The Hindu , 31 July 2006

Studying tsunami aftermath

The wounds created by the tsunami heal very slowly.

Researchers at the Cochin University of Science and Technology (Cusat) have found that water resources in the tsunami-affected areas in Kerala have been severely affected even after one-and-a half years of the disaster.

A study team from the School of Environmental Sciences monitored the quality of drinking water available in 60 wells in the coastal areas affected by tsunami for one year after the tsunami struck the Kerala coast.

They found that the wells recorded an unusual saline character and taste.

The low dissolved oxygen content of the groundwater collected from wells indicated the tendency of slow deterioration of quality due to contamination. It was found that wells that were de-watered and cleaned regularly retained the saltiness.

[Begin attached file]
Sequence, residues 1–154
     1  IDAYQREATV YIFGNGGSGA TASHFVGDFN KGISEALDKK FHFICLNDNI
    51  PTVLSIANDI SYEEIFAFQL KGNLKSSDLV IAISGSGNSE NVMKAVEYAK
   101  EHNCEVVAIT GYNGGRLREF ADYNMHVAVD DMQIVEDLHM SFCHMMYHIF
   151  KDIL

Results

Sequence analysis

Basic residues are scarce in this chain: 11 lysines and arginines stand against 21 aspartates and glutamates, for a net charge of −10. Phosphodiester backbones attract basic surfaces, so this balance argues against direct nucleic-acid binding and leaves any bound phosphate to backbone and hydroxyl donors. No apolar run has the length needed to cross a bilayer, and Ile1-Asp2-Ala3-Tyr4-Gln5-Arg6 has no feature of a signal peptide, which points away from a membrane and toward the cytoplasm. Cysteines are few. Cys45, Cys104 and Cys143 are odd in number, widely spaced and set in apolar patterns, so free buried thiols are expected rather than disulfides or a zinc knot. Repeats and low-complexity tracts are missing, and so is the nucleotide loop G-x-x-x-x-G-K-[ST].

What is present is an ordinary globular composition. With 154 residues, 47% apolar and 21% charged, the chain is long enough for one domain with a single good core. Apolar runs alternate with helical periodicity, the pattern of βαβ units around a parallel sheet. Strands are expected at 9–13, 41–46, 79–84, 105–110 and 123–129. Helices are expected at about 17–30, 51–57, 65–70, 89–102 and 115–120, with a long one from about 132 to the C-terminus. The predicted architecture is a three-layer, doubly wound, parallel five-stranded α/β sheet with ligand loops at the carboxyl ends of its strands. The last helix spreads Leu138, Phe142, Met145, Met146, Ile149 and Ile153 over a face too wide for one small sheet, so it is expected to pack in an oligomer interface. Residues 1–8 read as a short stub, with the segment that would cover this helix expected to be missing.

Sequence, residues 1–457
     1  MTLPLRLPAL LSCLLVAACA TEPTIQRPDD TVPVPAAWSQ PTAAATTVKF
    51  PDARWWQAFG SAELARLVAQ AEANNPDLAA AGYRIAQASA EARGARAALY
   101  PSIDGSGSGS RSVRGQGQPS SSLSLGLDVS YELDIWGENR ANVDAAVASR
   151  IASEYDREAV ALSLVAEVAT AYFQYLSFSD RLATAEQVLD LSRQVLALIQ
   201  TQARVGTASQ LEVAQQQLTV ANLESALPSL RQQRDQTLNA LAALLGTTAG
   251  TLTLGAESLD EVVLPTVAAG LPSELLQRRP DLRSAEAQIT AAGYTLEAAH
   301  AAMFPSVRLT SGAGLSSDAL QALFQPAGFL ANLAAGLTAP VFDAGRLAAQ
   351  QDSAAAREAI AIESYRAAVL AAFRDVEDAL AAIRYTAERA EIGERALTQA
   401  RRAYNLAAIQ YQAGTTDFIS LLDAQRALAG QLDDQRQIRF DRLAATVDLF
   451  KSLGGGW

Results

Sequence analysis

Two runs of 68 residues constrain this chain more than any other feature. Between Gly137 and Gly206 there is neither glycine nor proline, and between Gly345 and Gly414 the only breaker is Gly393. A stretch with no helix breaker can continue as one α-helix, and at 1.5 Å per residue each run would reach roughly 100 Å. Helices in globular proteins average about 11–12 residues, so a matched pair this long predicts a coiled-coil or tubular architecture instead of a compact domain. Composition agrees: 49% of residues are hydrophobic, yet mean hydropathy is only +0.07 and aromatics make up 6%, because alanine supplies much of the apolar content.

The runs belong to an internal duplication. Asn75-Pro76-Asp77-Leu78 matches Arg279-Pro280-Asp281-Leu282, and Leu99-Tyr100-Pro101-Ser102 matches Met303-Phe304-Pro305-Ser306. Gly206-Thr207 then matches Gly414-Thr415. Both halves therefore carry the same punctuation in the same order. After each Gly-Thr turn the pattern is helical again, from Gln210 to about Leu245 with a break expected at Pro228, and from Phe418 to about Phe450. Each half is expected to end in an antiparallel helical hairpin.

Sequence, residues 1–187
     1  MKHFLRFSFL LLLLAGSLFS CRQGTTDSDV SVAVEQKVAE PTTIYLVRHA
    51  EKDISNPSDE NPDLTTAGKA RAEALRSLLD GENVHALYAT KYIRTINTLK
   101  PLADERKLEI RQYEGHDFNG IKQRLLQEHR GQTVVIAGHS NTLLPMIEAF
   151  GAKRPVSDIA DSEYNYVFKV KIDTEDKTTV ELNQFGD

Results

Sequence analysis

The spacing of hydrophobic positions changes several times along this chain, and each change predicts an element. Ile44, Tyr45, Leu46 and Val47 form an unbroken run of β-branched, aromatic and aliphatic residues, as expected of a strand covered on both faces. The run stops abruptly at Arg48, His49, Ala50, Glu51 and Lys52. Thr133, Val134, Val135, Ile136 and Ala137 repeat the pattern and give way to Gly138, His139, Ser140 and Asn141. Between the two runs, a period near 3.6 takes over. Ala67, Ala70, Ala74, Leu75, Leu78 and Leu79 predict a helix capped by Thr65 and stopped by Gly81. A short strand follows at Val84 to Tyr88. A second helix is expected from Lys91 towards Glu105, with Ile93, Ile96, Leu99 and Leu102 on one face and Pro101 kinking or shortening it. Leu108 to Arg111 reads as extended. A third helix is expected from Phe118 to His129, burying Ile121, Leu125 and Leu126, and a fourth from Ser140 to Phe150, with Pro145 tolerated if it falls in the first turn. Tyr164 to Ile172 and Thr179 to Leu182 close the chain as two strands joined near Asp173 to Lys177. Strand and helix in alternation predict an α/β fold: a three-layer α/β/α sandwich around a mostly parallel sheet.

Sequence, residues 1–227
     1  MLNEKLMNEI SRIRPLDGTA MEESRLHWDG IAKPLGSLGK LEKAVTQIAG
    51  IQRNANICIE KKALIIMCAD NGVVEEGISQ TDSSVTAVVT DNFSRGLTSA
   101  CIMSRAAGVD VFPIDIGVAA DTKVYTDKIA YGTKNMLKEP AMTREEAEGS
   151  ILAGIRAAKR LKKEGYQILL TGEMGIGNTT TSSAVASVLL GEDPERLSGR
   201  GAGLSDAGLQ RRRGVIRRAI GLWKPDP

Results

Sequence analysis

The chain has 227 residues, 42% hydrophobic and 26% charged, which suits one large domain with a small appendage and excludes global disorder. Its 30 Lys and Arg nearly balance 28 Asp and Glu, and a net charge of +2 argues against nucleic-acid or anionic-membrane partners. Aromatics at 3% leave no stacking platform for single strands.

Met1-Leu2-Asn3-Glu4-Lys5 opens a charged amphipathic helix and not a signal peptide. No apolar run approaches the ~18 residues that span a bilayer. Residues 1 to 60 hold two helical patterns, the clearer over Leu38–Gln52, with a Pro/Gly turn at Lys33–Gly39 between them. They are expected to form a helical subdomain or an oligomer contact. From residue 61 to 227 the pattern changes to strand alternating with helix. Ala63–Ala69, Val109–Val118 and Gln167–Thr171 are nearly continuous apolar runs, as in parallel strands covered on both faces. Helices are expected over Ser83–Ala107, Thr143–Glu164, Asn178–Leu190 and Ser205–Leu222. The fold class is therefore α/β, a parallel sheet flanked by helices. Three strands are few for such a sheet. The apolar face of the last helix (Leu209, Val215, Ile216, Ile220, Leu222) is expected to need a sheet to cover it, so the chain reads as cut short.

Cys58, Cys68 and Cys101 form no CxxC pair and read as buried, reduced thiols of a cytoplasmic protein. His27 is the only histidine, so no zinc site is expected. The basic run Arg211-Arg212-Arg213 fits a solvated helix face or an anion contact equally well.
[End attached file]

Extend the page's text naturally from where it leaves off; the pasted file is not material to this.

Water Quality Index was also low in most of the areas ravaged by the killer waves.

The study found that groundwater pumped out and being supplied to the public was not of desirable quality. Scientists say that excessive exploitation of ground water was found in areas such as Alappad, Arattupuzha, Andhakaranazhy, Edavanakad and Cherai.

In their recommendations, researchers have pointed out the need to demarcate tsunami-affected coastal areas as vulnerable to such disasters.